We Are God’s Servants

“Suppose one of you had a servant plowing or looking after the sheep. Would he say to the servant when he comes in from the field, ‘Come along now and sit down to eat’? Would he not rather say, ‘Prepare my supper, get yourself ready and wait on me while I eat and drink; after that you may eat and drink’? Would he thank the servant because he did what he was told to do? So you also, when you have done everything you were told to do, should say, ‘We are unworthy servants; we have only done our duty.’” (Luke 17:7-10)

In this parable Jesus teaches His disciples about their responsibility towards service for His kingdom. We are not to expect special praise for doing those things we have been given by God to accomplish! A servant receives no added praise from his master for simply doing his work. He receives his wages for his work. Likewise, as God’s servants, we too have certain responsibilities.

“We are all God’s servants. Our whole strength and our whole time are to be used for him.” -Matthew Henry

“Sometime after 1950 we forgot what Jesus said to Peter and what was passed on to us. ‘Take care of my sheep’ (John 21:16). There are ferocious wolves (Matthew 7:15). ‘You are to be a witness to the ends of the Earth’ (Acts 1:8). This is a commission that still holds true today. This is a very personal command to each believer, personally, privately. The all important question is whether you are getting out the work of God, or have you retired?” Wales Goebel

In Matthew, Jesus makes this same point in the Parable of the Talents:

“None shall be called to an account for more than they have received; but for what we have, we must all account.” -Matthew Henry

“His master replied, ‘You wicked, lazy servant! So you knew that I harvest where I have not sown and gather where I have not scattered seed? Well then, you should have put my money on deposit with the bankers, so that when I returned I would have received it back with interest. Take the talent from him and give it to the one who has the ten talents. For everyone who has will be given more, and he will have an abundance. Whoever does not have, even what he has will be taken from him. And throw that worthless servant outside, into the darkness, where there will be weeping and gnashing of teeth.’” (Matthew 25:26-30)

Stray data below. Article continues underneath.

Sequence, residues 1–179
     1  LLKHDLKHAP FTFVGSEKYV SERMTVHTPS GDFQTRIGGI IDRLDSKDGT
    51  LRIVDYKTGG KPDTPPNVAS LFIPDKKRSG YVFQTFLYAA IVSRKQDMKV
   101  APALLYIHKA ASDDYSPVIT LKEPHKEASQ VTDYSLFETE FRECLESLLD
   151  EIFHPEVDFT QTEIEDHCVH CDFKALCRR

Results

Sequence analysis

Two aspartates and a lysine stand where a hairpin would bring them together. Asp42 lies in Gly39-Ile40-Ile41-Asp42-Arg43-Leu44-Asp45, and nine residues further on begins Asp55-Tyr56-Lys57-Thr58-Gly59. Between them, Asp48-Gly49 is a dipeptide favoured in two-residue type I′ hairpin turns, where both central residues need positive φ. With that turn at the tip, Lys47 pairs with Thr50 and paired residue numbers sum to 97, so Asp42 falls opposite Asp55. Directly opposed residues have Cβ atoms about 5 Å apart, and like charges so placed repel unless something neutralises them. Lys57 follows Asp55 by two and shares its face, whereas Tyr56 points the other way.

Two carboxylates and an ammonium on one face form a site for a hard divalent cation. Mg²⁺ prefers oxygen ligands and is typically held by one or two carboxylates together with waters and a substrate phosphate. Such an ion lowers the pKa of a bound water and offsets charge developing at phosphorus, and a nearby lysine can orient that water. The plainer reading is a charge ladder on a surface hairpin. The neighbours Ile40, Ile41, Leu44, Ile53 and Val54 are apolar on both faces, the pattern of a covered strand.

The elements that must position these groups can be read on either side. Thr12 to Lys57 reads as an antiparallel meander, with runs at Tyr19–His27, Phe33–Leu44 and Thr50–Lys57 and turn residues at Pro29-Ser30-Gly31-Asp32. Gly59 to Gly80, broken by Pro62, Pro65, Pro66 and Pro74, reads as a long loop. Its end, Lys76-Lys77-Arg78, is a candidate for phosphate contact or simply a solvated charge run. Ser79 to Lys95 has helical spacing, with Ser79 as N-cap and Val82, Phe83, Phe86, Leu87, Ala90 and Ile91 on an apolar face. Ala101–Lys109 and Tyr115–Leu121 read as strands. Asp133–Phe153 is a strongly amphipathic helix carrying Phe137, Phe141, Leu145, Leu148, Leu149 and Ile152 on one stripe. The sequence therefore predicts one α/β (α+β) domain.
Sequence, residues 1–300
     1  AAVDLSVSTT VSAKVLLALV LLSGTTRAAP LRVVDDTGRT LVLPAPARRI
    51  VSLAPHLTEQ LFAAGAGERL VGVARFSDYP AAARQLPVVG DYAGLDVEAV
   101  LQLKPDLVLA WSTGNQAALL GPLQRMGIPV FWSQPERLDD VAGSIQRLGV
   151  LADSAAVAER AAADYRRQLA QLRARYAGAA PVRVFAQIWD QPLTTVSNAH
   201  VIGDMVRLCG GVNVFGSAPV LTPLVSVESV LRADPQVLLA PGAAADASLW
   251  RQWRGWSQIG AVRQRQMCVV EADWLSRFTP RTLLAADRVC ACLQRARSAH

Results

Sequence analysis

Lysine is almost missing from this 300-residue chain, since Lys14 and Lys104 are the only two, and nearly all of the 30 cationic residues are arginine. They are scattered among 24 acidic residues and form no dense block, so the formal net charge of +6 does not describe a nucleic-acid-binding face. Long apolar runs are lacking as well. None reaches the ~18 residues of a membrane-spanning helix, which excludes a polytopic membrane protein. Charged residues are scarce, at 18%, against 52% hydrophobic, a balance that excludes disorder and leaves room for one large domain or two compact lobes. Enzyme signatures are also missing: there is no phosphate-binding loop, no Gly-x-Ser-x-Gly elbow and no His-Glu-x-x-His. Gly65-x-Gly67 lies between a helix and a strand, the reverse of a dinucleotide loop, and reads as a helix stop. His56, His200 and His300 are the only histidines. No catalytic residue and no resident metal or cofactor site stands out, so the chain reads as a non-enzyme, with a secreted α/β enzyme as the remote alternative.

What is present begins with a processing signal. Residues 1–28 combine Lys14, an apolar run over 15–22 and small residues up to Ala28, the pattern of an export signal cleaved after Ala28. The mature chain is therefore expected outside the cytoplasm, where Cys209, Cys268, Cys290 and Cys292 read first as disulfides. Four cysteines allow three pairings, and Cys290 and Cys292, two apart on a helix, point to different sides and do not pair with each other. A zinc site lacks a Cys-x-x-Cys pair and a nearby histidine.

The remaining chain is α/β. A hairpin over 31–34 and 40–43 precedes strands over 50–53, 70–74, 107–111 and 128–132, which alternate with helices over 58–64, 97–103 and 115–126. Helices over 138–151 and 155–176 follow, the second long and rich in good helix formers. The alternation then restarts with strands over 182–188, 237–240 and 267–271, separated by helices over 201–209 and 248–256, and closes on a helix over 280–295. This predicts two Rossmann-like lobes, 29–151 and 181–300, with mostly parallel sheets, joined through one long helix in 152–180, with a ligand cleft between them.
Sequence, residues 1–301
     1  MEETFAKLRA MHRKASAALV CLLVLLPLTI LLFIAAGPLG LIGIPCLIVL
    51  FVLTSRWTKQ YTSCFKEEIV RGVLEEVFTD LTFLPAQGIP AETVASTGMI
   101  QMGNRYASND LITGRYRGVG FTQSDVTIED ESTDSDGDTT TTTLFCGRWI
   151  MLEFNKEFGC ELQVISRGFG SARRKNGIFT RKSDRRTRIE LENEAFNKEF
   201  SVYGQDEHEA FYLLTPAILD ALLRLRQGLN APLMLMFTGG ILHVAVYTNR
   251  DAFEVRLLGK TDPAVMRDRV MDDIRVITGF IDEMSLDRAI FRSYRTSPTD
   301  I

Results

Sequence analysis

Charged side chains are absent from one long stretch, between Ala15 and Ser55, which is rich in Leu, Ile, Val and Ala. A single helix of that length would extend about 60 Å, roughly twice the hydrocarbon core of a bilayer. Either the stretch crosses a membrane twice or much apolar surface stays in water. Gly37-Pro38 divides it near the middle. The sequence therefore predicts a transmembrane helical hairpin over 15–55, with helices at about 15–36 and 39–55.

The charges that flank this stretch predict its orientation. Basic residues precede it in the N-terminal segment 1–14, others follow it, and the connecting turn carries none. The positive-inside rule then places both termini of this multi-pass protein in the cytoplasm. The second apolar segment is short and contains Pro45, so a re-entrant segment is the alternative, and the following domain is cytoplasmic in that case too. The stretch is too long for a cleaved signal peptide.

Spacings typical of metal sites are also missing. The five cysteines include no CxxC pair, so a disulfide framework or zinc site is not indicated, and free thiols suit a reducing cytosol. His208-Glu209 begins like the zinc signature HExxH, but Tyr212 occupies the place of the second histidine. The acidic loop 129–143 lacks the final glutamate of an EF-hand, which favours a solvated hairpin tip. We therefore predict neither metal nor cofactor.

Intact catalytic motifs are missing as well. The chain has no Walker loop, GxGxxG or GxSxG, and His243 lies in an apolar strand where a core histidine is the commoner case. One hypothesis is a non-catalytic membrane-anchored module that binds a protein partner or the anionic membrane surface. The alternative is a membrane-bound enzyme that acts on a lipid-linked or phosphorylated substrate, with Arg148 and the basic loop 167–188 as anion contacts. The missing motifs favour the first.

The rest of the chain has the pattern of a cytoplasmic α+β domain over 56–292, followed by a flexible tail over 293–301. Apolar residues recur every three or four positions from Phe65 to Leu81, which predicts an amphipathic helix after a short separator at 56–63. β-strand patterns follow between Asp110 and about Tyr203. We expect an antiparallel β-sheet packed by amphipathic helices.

We certainly do not want to be a worthless servant thrown out into the darkness! It is God’s desire for us to bring forth fruit from the gifts and talents He has given us. We are held accountable for what we have received.

Now it is required that those who have been given a trust must prove faithful. (1 Corinthians 4:2)

So we make it our goal to please him, whether we are at home in the body or away from it. For we must all appear before the judgment seat of Christ, that each one may receive what is due him for the things done while in the body, whether good or bad. (2 Corinthians 5:9-10)

Paul’s goal was to hear a “Well done, good and faithful servant” from the lips of the Savior upon entrance into the heaven.

“This perspective on a day of judgment and the prospect of eternity had a salutary effect on Paul. It enabled him to persevere in the face of hardship (2 Cor. 4:7-12). And it motivated him to be faithful in discharging his ministry (1 Cor. 4:2-4).”
(The Bible Knowledge Commentary)

Take It to Heart

“We must remember that God will never drag us along the path of true-hearted discipleship. This would greatly lack the moral Excellency which characterizes all the ways of God. He does not drag, but draws us along the path which leads to ineffable blessedness in Himself; and if we do see that it is for our real advantage to break through all the barriers of nature, in order to respond to Gods’ call, we forsake our own mercies. But alas! Our hearts little enter into this. We begin to calculate about the sacrifices, the hindrances, and the difficulties, instead of bounding along the path, in eagerness of soul, as knowing and loving the One whose call has sounded in our ears”.
(C H Macintosh, Notes on Deuteronomy)

“The truth and beauty of the gospel expose our idol-myths as feeble substitutes and garish counterfeits. And the power of the gospel enables us to break free from their enslaving and destructive grasp. Indeed, as our deliverer and liberator, Jesus is freeing us for the great adventure of living as characters in and carriers of God’s archetypal Story of all stories. It’s like being taken from starring in your own self produced, 8 mm black and white home movies to playing one of the hobbits in the grand production of The Return of the King.”
(Scotty Smith, Restoring Broken Things)